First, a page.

9 Physics Equipotential Lines and Electric Fields Plotting the Electric Field PURPOSE MATERIALS 5 alligator clip leads 2 batteries, 9 V 2 binder clips, large computer In this experiment, the concept of electric field will be developed by investigating the space between a pair of electrodes connected to a source of direct current. You will plot equipotential lines and sketch in lines representing the electric field between the electrodes. LabQuest multimeter, sevenfunction picture frame, plastic boxstyle, 8.5 in. 11 in. sensor, voltage probe ruler, clear metric tape, masking 2 pieces wires, copper, #16 gauge, approx. 20 cm 1
10 PROCEDURE RUN #1 1. Tape the grid diagram with the squares and dots on the outside face of the plastic container, aligning the edges so that it can be seen through the picture frame. 2. Prepare two pieces of copper wire each approximately 50 cm in length. (If the wire is insulated, remove about 1 cm of insulation from each end.) Place the wires over the edge of the plastic frame and clip them securely, one to each short side, using a binder clip. Adjust the wires so that the point is down and directly over one of the dots on the paper diagram. 3. Snap the two 9V batteries together so the positive terminal of one connects to the negative terminal of the other. This essentially makes a battery with a potential of 18 V. 4. Using an alligator clip, connect the negative terminal of the battery to one of the wires attached to the picture frame with the binder clip. Attach the other wire to the positive terminal of the battery with another alligator clip. Using a third alligator clip, connect the common or black lead from the voltmeter to the center where the two batteries are clipped together. For the compete setup, see Figure 1. Figure 1. Experimental setup, point probes Two 9 V Batteries Clipped Together Negative  + Common Positive Data Collection Device or Meter Positive Picture Frame with about 1/2 cm of Water Check that the alligator clips are connected to the positive and negative terminals and are not also touching the casing of any of the batteries. 2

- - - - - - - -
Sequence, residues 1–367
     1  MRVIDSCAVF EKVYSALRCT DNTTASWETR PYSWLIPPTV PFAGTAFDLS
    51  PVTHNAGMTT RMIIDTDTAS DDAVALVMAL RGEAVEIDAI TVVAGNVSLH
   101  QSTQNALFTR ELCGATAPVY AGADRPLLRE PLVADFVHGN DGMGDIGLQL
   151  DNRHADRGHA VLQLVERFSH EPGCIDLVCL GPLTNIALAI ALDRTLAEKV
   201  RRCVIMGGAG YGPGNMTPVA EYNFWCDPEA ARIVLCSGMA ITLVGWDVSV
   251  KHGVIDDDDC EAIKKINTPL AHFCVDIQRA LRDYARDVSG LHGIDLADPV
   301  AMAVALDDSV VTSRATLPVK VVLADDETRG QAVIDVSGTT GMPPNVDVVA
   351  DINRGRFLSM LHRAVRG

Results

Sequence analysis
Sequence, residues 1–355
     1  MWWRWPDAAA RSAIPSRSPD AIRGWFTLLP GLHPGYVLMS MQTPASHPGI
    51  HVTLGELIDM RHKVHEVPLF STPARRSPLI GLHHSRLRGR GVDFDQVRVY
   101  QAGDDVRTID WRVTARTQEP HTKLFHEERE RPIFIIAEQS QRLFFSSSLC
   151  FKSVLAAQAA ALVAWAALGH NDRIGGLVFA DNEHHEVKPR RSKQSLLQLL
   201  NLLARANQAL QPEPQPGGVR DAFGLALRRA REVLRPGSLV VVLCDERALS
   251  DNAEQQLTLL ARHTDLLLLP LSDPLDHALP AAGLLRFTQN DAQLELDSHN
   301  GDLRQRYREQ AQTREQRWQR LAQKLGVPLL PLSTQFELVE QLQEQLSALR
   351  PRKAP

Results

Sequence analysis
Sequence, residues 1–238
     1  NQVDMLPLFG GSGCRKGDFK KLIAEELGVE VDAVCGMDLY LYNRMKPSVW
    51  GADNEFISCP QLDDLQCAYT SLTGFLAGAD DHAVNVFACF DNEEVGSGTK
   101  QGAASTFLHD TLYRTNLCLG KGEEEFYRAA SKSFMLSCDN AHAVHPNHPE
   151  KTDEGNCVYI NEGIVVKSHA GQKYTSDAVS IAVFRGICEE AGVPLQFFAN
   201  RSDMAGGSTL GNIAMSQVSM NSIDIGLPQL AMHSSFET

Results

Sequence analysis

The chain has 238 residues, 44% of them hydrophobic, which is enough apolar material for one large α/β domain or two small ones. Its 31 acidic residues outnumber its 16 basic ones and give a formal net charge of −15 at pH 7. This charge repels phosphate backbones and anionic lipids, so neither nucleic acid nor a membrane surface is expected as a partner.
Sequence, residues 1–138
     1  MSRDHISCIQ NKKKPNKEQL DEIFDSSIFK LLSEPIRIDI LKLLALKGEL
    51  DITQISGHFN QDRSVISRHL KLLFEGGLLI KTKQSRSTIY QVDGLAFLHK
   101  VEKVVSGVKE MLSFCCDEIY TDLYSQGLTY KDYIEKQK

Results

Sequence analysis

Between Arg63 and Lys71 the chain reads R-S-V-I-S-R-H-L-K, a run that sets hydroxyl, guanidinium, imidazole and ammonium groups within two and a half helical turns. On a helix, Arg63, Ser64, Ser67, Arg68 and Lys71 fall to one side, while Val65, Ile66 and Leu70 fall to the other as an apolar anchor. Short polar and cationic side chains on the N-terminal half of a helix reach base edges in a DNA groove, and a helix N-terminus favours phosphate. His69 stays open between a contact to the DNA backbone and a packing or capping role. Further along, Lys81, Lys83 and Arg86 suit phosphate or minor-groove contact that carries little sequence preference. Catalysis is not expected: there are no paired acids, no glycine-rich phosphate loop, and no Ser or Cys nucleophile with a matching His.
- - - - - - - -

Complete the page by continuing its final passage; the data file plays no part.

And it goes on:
11 PROCEDURE (CONTINUED) 5. Add enough tap water to just evenly cover the bottom of the plastic container. Turn the voltmeter on, making sure it is set for DC volts and to the smallest range greater than 6 V. The positive or red lead of the meter is used to measure the potential in the water. 6. Data Collection a. Manual Using a second grid, have your lab partner write down the measurements as you move the probe from dot to dot along the rows of dots. Try to keep the probe straight and make sure the water depth is the same all over the plastic container. Move as quickly as you can. Do not be concerned that the readings will not be steady. These are digital averaging meters. Allow the meter to adjust, and record the number that stays displayed for the longest period of time. b. Alternate You may also use a data collection device with a voltage sensor to collect data. This data may be exported to your data analysis software or directly onto a computer with Microsoft Excel. You may use this alternate procedure to speed up data collection and enhance the analysis. One partner should place the probe as you move from dot to dot along the rows. When the reading stabilizes somewhat, your lab partner should press the appropriate button to collect and record the data point on the device or software. Make sure that the stored data set is always moved to the end of the table. This may need to be done manually when the data is moved into your spreadsheet software. Each data set may be accompanied with an event number or other designation. You will need to remove all these extra columns, leaving only the voltage readings for the corresponding cells. Select each of these columns and delete them, leaving only the potentials in the spreadsheet. 3